Carnegie Mellon University
School of Computer Science
Final Exam in CS15750: Algorithms and Data Structures
Date: Friday 9 May 2003 Instructor: Manuel Blum
Teaching Assistant: Ryan Williams
* This is a closed book examination: While calculators ARE allowed,
NO books, NO laptops, NO scratch paper are permitted.
* Do all your work including scratch work on the pages of this exam.
* This exam has 11 problems worth a total of 61 pts.
* All arguments in quotes are questionable. If you believe a given
answer but not the argument, then check that answer and extend,
correct or replace the given argument.
* Check as many answers as are correct. It may happen that no
answer is correct.
* If none of the given answers are correct, then insert your own
correct answer.
(1 pt)
Your name:______________________, __________________________
FAMILY (LAST) GIVEN (FIRST)
Your signature:_____________________________________________
Your email address:_________________________________________
(2 pts)
1. Meld the following two Binomial heaps into a single Binomial heap:
min
\
Heap 1 = 2* 1* 4*
 \
3* 5* *6

*7
min
\
Heap 2 = NIL 8* NIL

9*
Meld of 1 and 2 =
(20 pts total  2 pts each)
2. Which of the following operations are supported by
A = (classical) Binary Heaps.
B = Binomial Heaps.
C = Fibonacci Heaps. Answer
here:
heapify(a1,...,an) = create a heap on a given set of n
elements in O(n) steps. ____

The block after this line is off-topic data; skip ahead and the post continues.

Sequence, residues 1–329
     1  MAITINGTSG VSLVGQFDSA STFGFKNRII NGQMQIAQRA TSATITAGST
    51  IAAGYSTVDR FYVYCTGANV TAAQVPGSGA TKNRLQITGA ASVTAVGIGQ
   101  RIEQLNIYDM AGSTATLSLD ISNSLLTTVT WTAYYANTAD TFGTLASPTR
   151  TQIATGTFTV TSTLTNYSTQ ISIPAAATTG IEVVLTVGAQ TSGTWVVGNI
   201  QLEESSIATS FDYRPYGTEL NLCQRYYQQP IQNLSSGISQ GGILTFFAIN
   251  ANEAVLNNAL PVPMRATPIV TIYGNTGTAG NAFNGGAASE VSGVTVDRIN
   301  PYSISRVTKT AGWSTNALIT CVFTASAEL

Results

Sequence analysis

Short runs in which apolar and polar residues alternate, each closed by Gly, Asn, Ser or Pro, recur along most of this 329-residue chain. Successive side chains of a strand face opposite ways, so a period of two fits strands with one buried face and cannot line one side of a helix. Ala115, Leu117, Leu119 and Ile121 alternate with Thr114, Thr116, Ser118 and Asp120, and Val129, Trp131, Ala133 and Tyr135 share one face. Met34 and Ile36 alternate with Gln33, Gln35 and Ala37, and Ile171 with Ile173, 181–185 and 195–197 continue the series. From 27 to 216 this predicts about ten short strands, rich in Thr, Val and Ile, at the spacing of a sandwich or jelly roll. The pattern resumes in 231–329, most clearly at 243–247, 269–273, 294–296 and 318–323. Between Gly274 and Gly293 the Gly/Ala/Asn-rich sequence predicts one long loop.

makeheap(a) = create a heap on 1 element in O(1) steps.
____
insert(a,H) = insert element a to heap H in O(1) amortized
steps. ____
insert(a,H) = insert element a to heap H in O(lg n) steps.
____
deletemin(H) = delete the minimum element of heap H in O(1)
steps. ____
deletemin(H) = delete the minimum element from heap H in
O(1) amortized steps. ____
deletemin(H) = delete the minimum element from heap H in
O(lg n) amortized steps. ____
meld(H1,H2) = combine heaps H1 and H2 into one heap in
O(lg n) amortized steps. ____
delete(a,H) = remove element a from heap H in
O(lg n) amortized steps. ____
decrement(a,,H) = decrease the value of the element a in H
by amount in amortized O(1) steps. ____
(2 pts)
3. Do splay(1,T) on the Splay Tree T = 4*
/ \
(Do not ask the exam proctor what a 2* *5
splay tree is or how to solve this / \
problem: you are supposed to know.) 1* *3
(2 pts)
4. The elements 0,1,2,3,4,5,6,7,8,9 have the following priorities:
3 1 4 5 9 2 6 8 7 0. This means that 3 has highest priority and
0 has lowest priority.
Construct the treap having these elements with these priorities.
(4 pts)
5.Toss n balls uniformly at random into n cells.